November 29th, 2011
It is good to be back in South Africa after 3 months in the States. My father and Lisa’s father both passed away while we were home, so it was a sad time for both of our families.
There were many good things that happened as well as the struggles. I focused most of my time and energy on raising funds for the work we are doing here in South Africa, and it has been a good time to deepen relationships with many churches and friends of our ministry.
This year we have raised funds to build an additional long-term missionary home. On the Thompson Campus and have raised partial funding to build team housing for short-term team members. It will be called the Leroy Blessman Lodge of Dreams in honor of my father and related to the theme from the movie Field of Dreams, which was filmed in Iowa, with the thought that if we build it, they (the short-term missionaries) will come. We are hoping to have approximately 200 short-term missionaries come work with us each year.
Josh and Heather Borchers are moving to South Africa to work with us full time after the first of the year. They both will be a great addition to our staff. Josh will help us with our Internet technology needs along with many other gifts that he has. He is hoping to keep doing his American job from our office here in SA designing websites and other online work that he does. He developed the soft ware that is serving our feeding program so well. Heather will be managing the office and finances for us here in SA freeing up Lisa to do more regular mission field work using her nursing skills. Lisa will continue to manage the logistics of our outreaches.
Pierre and his wife Rentia Dejager just joined our team the first of December; Rentia will be helping Beth with hosting activities with our team members and visitors. Pierre will be a consultant for us in our construction and farming microenterprises. He has been teaching Farming God’s Way in Zimbabwe for the last six years.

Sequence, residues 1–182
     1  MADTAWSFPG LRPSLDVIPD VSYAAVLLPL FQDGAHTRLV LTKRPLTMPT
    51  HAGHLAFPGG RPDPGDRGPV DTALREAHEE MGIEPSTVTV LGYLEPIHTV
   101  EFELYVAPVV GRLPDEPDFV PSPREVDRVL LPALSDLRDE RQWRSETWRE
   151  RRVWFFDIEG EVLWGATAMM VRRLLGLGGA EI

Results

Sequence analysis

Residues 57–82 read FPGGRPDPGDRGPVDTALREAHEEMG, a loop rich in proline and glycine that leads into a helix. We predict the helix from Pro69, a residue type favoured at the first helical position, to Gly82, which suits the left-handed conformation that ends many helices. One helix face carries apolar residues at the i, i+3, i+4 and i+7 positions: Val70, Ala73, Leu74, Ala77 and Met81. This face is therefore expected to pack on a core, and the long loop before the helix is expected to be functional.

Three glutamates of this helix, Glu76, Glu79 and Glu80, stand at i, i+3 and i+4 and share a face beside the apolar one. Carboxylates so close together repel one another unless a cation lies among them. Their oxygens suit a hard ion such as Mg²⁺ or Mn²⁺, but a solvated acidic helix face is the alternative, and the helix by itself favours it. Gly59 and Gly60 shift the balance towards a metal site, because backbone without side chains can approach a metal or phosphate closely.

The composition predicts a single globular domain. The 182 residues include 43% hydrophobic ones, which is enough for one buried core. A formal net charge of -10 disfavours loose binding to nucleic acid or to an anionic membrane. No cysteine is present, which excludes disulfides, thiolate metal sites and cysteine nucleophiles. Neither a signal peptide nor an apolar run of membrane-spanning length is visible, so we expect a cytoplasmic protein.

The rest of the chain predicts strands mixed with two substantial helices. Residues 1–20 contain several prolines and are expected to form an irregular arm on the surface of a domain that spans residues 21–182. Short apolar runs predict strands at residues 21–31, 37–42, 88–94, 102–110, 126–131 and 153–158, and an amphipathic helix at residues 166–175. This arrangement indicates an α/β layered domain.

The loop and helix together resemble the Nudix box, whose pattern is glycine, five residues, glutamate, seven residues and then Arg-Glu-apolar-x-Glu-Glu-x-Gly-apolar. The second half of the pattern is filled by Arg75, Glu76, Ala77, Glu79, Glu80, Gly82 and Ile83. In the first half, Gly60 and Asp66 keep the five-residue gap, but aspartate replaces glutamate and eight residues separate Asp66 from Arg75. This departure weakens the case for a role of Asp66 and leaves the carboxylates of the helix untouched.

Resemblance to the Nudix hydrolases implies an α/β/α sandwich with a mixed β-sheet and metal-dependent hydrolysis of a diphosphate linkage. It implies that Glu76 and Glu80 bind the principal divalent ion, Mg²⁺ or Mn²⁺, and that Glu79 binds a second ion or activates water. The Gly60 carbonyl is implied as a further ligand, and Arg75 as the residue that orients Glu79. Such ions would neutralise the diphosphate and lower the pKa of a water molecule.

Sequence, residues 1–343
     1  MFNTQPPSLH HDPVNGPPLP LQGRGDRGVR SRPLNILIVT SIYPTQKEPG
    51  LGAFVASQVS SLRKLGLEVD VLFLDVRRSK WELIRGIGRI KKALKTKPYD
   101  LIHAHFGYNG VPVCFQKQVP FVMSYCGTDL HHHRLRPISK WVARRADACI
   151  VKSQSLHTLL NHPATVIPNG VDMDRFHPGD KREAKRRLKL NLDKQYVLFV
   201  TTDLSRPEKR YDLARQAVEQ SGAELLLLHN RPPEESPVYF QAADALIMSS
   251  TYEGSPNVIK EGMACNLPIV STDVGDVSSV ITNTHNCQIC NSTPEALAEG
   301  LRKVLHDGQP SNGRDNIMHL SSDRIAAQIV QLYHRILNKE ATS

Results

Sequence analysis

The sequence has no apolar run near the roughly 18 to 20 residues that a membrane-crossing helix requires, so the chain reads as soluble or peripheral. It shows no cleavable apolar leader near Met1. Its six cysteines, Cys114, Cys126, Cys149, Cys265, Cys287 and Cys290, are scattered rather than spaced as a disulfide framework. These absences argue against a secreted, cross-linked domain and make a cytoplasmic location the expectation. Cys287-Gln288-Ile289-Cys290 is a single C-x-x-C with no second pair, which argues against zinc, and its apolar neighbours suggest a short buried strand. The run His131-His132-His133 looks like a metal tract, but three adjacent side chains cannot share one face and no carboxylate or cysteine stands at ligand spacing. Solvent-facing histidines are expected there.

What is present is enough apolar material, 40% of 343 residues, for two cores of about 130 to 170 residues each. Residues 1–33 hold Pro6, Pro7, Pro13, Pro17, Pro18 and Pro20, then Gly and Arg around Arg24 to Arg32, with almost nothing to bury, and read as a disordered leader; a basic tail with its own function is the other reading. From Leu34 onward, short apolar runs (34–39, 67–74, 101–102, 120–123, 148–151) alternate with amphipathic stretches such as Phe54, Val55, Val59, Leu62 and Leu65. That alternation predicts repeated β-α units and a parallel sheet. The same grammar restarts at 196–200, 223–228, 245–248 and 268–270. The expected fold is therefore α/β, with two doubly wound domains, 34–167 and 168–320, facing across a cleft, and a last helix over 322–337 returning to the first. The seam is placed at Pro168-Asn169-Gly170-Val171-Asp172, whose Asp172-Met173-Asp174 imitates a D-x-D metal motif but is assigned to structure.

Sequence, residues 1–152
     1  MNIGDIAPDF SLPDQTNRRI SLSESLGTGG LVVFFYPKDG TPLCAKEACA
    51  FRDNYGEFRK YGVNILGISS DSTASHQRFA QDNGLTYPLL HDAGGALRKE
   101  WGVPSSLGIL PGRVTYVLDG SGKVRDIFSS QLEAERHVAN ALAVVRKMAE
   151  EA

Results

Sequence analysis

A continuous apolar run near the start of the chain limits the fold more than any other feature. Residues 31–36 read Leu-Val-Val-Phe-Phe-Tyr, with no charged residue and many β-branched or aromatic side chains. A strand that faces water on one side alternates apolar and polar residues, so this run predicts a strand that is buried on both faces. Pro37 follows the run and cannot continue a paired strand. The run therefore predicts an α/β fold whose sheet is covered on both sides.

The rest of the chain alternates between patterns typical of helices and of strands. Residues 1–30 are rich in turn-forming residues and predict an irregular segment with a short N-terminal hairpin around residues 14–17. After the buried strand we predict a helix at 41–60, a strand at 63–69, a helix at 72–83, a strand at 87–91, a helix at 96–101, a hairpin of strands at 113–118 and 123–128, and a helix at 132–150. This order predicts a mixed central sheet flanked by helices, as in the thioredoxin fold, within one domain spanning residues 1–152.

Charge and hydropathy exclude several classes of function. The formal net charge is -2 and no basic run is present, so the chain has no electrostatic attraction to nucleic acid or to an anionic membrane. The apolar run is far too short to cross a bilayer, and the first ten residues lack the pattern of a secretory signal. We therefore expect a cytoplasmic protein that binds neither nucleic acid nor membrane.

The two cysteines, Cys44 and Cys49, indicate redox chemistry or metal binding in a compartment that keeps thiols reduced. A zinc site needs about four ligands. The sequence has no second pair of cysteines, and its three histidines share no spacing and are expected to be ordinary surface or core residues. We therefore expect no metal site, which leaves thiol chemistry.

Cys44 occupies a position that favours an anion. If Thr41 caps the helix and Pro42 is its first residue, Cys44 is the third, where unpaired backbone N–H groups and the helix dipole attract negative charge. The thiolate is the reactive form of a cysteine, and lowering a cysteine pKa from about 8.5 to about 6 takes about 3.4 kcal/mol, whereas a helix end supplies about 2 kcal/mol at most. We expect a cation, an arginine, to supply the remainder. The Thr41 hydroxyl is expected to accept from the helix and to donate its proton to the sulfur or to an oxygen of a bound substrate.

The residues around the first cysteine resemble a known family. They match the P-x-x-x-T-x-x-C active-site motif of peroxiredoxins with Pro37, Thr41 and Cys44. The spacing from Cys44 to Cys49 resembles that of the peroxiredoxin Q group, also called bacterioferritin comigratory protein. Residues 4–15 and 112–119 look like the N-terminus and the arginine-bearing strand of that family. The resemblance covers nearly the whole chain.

Del Cramer Campus is where we have our own feeding program and the Lighthouse Church. Both the church and feeding center continue to do well. We have had an interim pastor and are just now appointing him as the new senior pastor and will start paying him a salary. The church is in an impoverished neighborhood, so the collection plate is far too anemic to pay his salary, but our ministry will supplement that until the church attendees mature into a more giving population. I am confident that the church can become self supporting over the next 12 months. We are still feeding only 30 children a day at the feeding center with our intention to keep the number small until our quality is solid. We had struggled last year to learn all of the ins and outs of becoming a government supported center and just yesterday the head of the social worker called for me to come to her office and she gave me all of the documents that we need to fill out to become fully supported by the SA government. A year ago I sensed some resistance and now they seem to have a strong desire for us to become fully registered. I am sure that this speaks to the quality of what they see us doing over the last few months. That will help us fund our workers (8 cooks and care givers who are currently volunteering) and 3 administrative staff; it will also help us get some government funding to pay for the food for the children. The government funding will also pay for the social worker working with us and even our security company and help with the electric bills. The Lord is good. We are helping over a dozen other feeding centers to feed their children and are currently helping supply food for over 2,000 orphans and vulnerable children daily. We have a vision to increase this number to approximately 10,000 over the next year or two.
Next week I plan to be busy working with our administrative consultants to get all of the proper paper work filed. We will not find out until March if our program has been accepted but I fully expect that we will be properly registered by then.